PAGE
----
The traditional energy value chain was linear, with energy carriers produced centrally and distributed to a passive end user.
The traditional and linear energy value chain
The emerging decentralized and interconnected energy value chain is characterized by distributed energy resources, technology-enabled collaboration, as well as new roles and business models. The energy user is a participatory player that can take multiple roles to suit their business model.
Companies who take advantage of the energy system transformation evaluate what energy inputs they really need, where those are available and how their products, services and by-products/waste streams can provide low-carbon energy solutions to other energy consumers. They will have a comprehensive understanding of their energy consumption and leverage the demand side and supply side with a collaborative approach. They will look to recover and extract value from energy resources that would otherwise go to waste and consider local partnerships to share energy resources efficiently.
Companies who understand how they fit within the interconnected energy value chain and where their opportunities lie will benefit most from the transition.
Traditional energy value chain and passive energy user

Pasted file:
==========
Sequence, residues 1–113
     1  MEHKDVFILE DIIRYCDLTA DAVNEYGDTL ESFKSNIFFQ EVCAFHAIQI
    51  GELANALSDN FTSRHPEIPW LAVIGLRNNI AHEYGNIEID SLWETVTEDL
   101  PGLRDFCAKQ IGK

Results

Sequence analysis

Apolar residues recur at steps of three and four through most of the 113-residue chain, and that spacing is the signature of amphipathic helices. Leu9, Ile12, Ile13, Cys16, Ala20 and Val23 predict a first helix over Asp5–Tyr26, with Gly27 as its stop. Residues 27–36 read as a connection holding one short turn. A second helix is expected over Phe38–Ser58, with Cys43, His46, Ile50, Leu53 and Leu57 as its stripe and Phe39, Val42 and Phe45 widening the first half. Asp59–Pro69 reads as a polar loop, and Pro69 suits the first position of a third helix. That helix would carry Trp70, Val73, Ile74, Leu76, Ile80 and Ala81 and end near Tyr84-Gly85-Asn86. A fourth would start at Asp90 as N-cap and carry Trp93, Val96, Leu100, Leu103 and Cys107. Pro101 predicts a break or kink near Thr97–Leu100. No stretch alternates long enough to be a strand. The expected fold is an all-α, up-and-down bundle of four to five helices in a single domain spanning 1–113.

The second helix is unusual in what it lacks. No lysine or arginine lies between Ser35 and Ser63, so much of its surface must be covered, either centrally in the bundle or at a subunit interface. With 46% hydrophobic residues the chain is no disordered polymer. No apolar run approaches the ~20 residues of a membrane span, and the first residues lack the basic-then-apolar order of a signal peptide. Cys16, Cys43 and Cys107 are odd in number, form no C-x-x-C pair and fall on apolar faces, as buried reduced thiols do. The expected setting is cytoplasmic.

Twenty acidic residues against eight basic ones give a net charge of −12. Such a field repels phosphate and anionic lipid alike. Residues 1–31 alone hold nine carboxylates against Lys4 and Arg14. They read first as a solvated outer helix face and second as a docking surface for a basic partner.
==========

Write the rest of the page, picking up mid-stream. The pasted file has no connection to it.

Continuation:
- Limited sources of fuel production and electricity generation
- Limited choice of suppliers
- Limited capabilities in switching to more efficient and low-carbon technologies
Evolving energy system and active energy user
- Energy users’ interest in energy management drives new choices
- Broader choice of suppliers, products and services lead to an active selection of suppliers that will help to achieve strategic objectives
- Energy user doesn’t control fuel production or electricity generation, but has stronger influence via sourcing choices
- Energy efficient technologies
Decentralized & interconnected energy value chain and participatory energy user
- Energy user takes a participatory role in fuel production, electricity generation, storage and management
- Comprehensive understanding of the technologies can improve energy and fuel efficiency, while reducing GHG emissions
- Increasing interactions with other players across the energy value chain
- Involvement in energy recovery and reuse solutions
- Creation of new energy supply options for property, plants and transport fleets
To collaborate with upstream and downstream stakeholders
An integrated energy strategy enables a company to collaborate with stakeholders that sit outside its traditional energy value chain. It harnesses knowledge, expertise and relationships that exist with an organization’s suppliers and customers to find more energy efficient, circular and low-carbon ways of doing business.